While the rest of the industry rocks with tumult,
it’s business as usual at Big Deahl in Chicago
The senior creative team of Mike Ward and Gail Offen and their producer, producer Phyllis Shook, all from Doner in Southfield, have worked together numerous times in the past. When they come to Chicago to shoot with tabletop director David Deahl, co-founder and principal at Big Deahl Productions, Shook makes it sound like a break from their routine. “You know, a producer’s job is to anticipate problems,” she says. “But when I work with David, I actually sleep at night.”
The trio has collaborated with the master on quite a few jobs, and all are struck by his intensity, his obsessive attention to detail, his creative vision and above all his sense of calm and confidence. “It just permeates the set, and inspires confidence in everyone around him,” says Offen. “He surrounds himself with good people and is totally focused. You know it’s going to get done and it’s going to look great.”
Deahl has come to this outward sense of calm by dint of talent and experience. He started early, shooting stills in his late teens, one of which found its way into the collection of the Museum of Modern Art. He landed in Chicago to apprentice in photography, setting up his own one-man studio in 1972. Four years later, he was joined by Rosemary, who has been his partner now for 33 years. She started as his rep and studio manager, running the business side of the operation. It’s a model relationship that’s endured to this day, with Rosemary handling all bids and production contracts, and David concentrating on production.
After a dozen years shooting stills for every major agency and brand, he moved into directing, and now has two decades’ work of tricks and insights to rely on. His client base is international—basically, if it’s something you eat or drink, there’s a good chance Deahl has shot it.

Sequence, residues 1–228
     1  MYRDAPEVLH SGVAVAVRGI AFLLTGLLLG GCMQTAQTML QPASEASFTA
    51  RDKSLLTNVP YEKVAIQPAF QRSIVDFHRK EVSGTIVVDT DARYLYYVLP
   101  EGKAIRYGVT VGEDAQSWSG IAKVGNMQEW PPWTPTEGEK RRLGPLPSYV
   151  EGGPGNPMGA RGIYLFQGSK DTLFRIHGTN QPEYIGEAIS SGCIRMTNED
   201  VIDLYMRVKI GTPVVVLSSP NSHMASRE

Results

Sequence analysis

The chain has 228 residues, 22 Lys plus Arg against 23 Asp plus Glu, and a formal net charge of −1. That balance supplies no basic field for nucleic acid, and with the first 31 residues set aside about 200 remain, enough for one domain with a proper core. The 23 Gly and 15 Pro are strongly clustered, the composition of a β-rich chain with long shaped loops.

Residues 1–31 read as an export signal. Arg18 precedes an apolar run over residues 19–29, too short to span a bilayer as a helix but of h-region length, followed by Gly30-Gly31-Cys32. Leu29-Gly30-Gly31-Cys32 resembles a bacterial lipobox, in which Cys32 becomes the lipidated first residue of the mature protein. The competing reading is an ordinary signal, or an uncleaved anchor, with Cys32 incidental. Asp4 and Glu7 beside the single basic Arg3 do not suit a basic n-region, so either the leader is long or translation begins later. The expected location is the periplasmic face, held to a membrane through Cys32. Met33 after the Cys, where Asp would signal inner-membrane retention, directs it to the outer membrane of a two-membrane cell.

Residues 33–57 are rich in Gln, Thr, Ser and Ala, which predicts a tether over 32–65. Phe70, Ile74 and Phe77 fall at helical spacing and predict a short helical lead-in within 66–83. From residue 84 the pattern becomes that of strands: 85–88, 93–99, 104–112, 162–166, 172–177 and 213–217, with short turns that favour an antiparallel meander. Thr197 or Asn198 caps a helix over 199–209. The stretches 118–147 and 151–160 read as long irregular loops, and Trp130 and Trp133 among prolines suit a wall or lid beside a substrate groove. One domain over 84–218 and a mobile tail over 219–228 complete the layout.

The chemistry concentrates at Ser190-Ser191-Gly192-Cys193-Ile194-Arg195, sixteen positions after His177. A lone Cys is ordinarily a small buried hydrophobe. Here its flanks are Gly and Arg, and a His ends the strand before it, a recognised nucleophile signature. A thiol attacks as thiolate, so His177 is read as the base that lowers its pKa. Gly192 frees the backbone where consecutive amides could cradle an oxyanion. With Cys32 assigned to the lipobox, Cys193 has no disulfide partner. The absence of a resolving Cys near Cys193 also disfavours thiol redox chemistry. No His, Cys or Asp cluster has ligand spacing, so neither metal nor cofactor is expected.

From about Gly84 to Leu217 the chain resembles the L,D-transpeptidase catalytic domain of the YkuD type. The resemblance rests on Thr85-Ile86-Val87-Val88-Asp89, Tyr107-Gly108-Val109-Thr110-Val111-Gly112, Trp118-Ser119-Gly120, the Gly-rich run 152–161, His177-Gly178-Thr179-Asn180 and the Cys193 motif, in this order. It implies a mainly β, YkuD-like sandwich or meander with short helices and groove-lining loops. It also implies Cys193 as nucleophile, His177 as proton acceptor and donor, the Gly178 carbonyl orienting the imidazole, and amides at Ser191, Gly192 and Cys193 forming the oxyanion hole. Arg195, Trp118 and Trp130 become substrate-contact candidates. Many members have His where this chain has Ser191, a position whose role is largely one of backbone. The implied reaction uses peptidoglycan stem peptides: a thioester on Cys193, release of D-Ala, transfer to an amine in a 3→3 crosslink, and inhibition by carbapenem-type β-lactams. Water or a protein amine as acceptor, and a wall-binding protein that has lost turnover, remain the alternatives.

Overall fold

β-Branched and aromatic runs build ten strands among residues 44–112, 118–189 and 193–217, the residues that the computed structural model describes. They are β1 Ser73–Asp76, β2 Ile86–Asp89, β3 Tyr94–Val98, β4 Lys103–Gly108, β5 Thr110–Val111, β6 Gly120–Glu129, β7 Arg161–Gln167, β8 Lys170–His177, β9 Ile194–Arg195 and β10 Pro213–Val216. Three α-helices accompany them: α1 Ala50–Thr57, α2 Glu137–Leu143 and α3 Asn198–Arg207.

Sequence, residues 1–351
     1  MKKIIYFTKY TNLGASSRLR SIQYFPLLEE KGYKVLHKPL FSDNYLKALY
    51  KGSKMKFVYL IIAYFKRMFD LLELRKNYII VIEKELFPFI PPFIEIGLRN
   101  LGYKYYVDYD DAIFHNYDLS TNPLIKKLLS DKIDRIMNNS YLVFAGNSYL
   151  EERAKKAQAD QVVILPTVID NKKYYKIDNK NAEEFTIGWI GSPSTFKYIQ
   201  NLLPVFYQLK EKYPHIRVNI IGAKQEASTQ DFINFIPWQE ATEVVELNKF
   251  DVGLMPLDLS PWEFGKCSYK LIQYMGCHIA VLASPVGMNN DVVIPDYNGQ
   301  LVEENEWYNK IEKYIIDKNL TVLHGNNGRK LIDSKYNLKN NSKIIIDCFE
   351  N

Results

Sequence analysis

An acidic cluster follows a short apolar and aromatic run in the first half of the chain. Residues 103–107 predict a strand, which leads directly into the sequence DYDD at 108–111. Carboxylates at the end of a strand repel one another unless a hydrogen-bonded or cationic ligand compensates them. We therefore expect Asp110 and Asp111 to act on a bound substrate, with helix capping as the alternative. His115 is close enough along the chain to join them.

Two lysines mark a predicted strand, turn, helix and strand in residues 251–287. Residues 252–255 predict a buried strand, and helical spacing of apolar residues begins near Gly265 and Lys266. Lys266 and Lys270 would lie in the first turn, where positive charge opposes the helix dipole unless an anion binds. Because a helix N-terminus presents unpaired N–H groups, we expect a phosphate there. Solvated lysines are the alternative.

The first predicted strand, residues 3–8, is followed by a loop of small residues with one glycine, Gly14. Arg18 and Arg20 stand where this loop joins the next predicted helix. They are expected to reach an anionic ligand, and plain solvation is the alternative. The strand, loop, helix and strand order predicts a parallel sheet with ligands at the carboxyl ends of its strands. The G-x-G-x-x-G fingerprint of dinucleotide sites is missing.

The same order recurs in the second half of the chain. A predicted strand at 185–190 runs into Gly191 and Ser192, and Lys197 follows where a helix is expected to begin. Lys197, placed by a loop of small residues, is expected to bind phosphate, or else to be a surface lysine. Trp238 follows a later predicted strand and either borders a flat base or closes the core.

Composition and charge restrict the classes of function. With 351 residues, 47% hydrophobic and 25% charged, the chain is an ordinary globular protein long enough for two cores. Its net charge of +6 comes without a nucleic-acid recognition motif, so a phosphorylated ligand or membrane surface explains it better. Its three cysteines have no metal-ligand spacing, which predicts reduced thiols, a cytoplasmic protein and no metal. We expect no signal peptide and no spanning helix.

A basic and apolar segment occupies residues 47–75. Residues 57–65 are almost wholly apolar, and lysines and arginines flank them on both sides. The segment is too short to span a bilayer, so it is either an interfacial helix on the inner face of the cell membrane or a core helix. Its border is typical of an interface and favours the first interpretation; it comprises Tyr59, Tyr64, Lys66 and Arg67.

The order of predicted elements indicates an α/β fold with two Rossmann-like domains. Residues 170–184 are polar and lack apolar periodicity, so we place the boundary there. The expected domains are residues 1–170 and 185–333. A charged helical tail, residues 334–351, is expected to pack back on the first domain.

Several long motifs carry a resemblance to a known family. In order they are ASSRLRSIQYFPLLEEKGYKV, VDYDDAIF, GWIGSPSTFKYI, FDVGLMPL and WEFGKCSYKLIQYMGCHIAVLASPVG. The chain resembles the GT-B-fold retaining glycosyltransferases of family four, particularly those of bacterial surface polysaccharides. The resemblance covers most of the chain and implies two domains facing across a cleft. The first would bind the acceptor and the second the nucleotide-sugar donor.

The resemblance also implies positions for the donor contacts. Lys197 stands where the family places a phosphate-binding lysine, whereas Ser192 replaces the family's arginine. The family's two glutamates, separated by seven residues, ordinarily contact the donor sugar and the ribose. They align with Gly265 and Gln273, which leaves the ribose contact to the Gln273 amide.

He and Rosemary work out of a large, contemporary studio in Chicago that boasts three stages, a full-up professional kitchen and amenities that are hard to find these days. “It’s a huge advantage for us,” says Rosemary. “For example, a job with lots of rigging—we have the luxury of testing for a few days to work things out, and that might not be represented in the bid.”
The facilities are as much a part of the studio’s overall appeal as is David’s legendary fixation on problem-solving and creating visual twists. Rosemary notes that they often shooti on multiple stages at the same time, at times shooting a spot’s live action portion on one stage—occassionaly with other live action directors and production companies handling the shoot—while David is shooting the food on a different stage. On other jobs, David has shot both the live action and the food. And to top it off, they have a relationship with a Chicago-based still photographer, who often comes in to shoot print work on one stage while TV is being shot on another.
“It’s more of a cost benefit for clients,” she says. “We have all these facilities, and if you need them, they’re here. It’s harder for agency and client people to travel from shoot to shoot and be out of their offices for so many weeks per year. Working this way, they have control over a seamless look between film and print. Likewise, the key client executives can oversee both print and broadcast at the same time. We work this way when the creative teams are different, and even if two separate agencies are involved.” That’s how it is with regular client Subway, she notes, which has a different shops handling TV and print.